So Robert Rodriguez may have done everything on this picture short of painting the sets and acting as chauffeur, but Johnny Depp wanders onto the screen and steals it all for himself. It may be a "Robert Rodriguez Flick," but it's a Johnny Depp picture. Somebody give this man an Oscar.

Rating: ***1/2

Tuesday, September 16, 2003

Johnny Depp: my new hero. Read my review of Once Upon a Time in Mexico to find out why.

It appears that one of Depp's upcoming projects is the film adaptation of Stephen King's Secret Window, Secret Garden. This is yet more GOOD NEWS, folks.

And Metal Gear Solid 2: Substance is a work of exquisite evil. I will defeat thy evil VR missions! I swear to it!

I hurt myself today
To see if I still feel

Saturday, September 13, 2003

I saw a film today, oh boy

I scraped together some quarters today, headed down to Movies 12 and saw Matchstick Men. Talk about a pleasant surprise. Consider me back on the Nick Cage bandwagon after this and Adaptation. But the best part here is Alison Lohman, who is wonderful as Cage's long-lost daughter. And Ridley Scott's visual style is superb. Call it ****...only the second movie I've seen in theaters this year to reach that. Blech.

But good news: there are good movies on the horizon. Some of the ones I'm looking forward to, in order of can't-wait-edness....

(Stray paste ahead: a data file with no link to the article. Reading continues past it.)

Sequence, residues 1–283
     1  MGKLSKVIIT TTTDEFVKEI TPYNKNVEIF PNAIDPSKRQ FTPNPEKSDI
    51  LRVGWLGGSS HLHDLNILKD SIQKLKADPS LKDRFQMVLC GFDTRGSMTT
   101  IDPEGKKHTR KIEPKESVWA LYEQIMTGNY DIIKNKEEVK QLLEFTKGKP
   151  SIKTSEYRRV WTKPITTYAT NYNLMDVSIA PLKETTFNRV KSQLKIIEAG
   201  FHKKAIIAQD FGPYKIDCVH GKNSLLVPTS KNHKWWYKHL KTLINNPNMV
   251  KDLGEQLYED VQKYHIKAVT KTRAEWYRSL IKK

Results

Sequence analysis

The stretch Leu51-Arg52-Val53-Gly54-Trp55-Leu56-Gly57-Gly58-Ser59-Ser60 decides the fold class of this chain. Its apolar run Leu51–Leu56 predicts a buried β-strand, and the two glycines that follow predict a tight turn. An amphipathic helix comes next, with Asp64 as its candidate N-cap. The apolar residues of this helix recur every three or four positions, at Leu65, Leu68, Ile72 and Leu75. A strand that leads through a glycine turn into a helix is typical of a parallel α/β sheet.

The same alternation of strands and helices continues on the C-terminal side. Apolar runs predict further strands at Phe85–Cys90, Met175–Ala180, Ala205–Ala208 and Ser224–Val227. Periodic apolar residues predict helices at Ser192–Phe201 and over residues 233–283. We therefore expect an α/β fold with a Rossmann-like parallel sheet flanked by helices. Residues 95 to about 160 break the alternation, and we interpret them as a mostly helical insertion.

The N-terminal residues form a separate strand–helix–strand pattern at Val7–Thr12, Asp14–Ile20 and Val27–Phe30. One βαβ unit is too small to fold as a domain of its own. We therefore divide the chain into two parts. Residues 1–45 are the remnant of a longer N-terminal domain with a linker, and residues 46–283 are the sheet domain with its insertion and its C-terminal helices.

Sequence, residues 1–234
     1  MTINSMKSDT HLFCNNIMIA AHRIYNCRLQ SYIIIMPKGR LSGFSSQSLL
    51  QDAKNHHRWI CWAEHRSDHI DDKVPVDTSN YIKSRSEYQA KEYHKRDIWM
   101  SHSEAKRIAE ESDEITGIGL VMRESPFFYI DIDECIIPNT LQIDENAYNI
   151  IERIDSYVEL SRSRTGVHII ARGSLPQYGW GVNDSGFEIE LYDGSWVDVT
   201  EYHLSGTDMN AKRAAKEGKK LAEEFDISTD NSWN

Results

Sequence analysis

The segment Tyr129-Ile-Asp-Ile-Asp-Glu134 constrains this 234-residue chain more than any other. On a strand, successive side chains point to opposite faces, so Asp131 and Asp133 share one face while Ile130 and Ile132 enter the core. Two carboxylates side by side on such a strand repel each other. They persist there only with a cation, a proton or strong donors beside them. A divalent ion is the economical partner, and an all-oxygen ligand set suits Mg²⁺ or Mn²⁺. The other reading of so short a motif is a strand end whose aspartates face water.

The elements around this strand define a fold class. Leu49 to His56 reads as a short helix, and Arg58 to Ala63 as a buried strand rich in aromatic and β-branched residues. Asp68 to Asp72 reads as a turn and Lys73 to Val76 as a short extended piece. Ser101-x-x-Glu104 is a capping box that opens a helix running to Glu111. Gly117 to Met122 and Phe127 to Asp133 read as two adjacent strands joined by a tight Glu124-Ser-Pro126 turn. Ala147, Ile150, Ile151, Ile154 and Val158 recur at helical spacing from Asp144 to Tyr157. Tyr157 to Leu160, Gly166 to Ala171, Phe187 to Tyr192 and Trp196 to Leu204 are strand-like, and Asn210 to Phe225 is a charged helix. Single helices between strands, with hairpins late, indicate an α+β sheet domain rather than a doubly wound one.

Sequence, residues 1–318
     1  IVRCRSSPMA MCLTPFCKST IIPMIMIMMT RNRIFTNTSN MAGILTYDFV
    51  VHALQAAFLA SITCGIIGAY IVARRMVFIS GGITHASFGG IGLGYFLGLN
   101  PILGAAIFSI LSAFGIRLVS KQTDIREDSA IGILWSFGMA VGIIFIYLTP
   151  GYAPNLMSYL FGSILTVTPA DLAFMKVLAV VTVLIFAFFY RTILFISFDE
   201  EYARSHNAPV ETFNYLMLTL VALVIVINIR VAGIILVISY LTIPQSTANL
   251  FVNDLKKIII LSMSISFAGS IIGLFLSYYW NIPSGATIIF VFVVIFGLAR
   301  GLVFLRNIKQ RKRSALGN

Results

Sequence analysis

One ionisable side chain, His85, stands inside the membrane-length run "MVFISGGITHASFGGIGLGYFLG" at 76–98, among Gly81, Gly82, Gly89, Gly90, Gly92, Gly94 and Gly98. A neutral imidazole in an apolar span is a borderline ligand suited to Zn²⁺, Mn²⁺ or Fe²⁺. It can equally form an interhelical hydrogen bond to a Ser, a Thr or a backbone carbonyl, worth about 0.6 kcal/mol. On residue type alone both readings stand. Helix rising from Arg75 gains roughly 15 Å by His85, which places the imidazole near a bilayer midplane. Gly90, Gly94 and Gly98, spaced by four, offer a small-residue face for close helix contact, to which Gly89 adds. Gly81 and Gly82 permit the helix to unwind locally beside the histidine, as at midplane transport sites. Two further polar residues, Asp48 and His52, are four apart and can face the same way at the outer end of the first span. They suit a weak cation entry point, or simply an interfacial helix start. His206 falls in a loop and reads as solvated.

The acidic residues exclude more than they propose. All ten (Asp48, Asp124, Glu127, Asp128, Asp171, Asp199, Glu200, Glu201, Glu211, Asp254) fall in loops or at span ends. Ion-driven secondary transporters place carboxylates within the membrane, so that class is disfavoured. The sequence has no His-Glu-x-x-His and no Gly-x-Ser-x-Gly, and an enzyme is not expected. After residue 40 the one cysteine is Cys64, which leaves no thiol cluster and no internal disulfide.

The Return of the King -- Who isn't waiting for this?

Kill Bill, Vol. 1 -- So I'm a Tarantino mark. This still looks awesome.

Mystic River -- Good lord, have you seen this cast? Plus Eastwood behind the camera? I am SO there.

Intolerable Cruelty -- Yeah, the trailer doesn't exactly inspire confidence, but it's the Coens! How bad could it be? ...Don't answer that.

Cold Mountain -- Nicole Kidman, directed by Anthony Minghella. That's all I know, but that's enough for me.

Love, Actually -- Yet another great cast. Yeah, it's a romantic comedy. So what?

The Rundown -- Call me crazy, but I loved the trailer. So the Rock's filmography is less than spectacular, but it's way better than Hogan's.

The Last Samurai -- The full trailer I saw today cemented it -- this is gonna be either really good or really bad. Either way, I can't wait.

Once Upon a Time in Mexico -- ...hey, that opened today, didn't it? All right!

The Matrix Revolutions -- sure, Reloaded was only barely a success, but I'm still optmistic. Am I being foolish?

So hopefully, this awful summer will be nothing but a bad memory soon.

And though the news was rather sad
Well, I just had to laugh

Friday, September 12, 2003

Christian Bale (American Psycho) has been signed to be the next Batman, to be directed by Christopher Nolan (Memento, Insomnia). This is GOOD NEWS, folks.

That is all.

That's why they call me bad company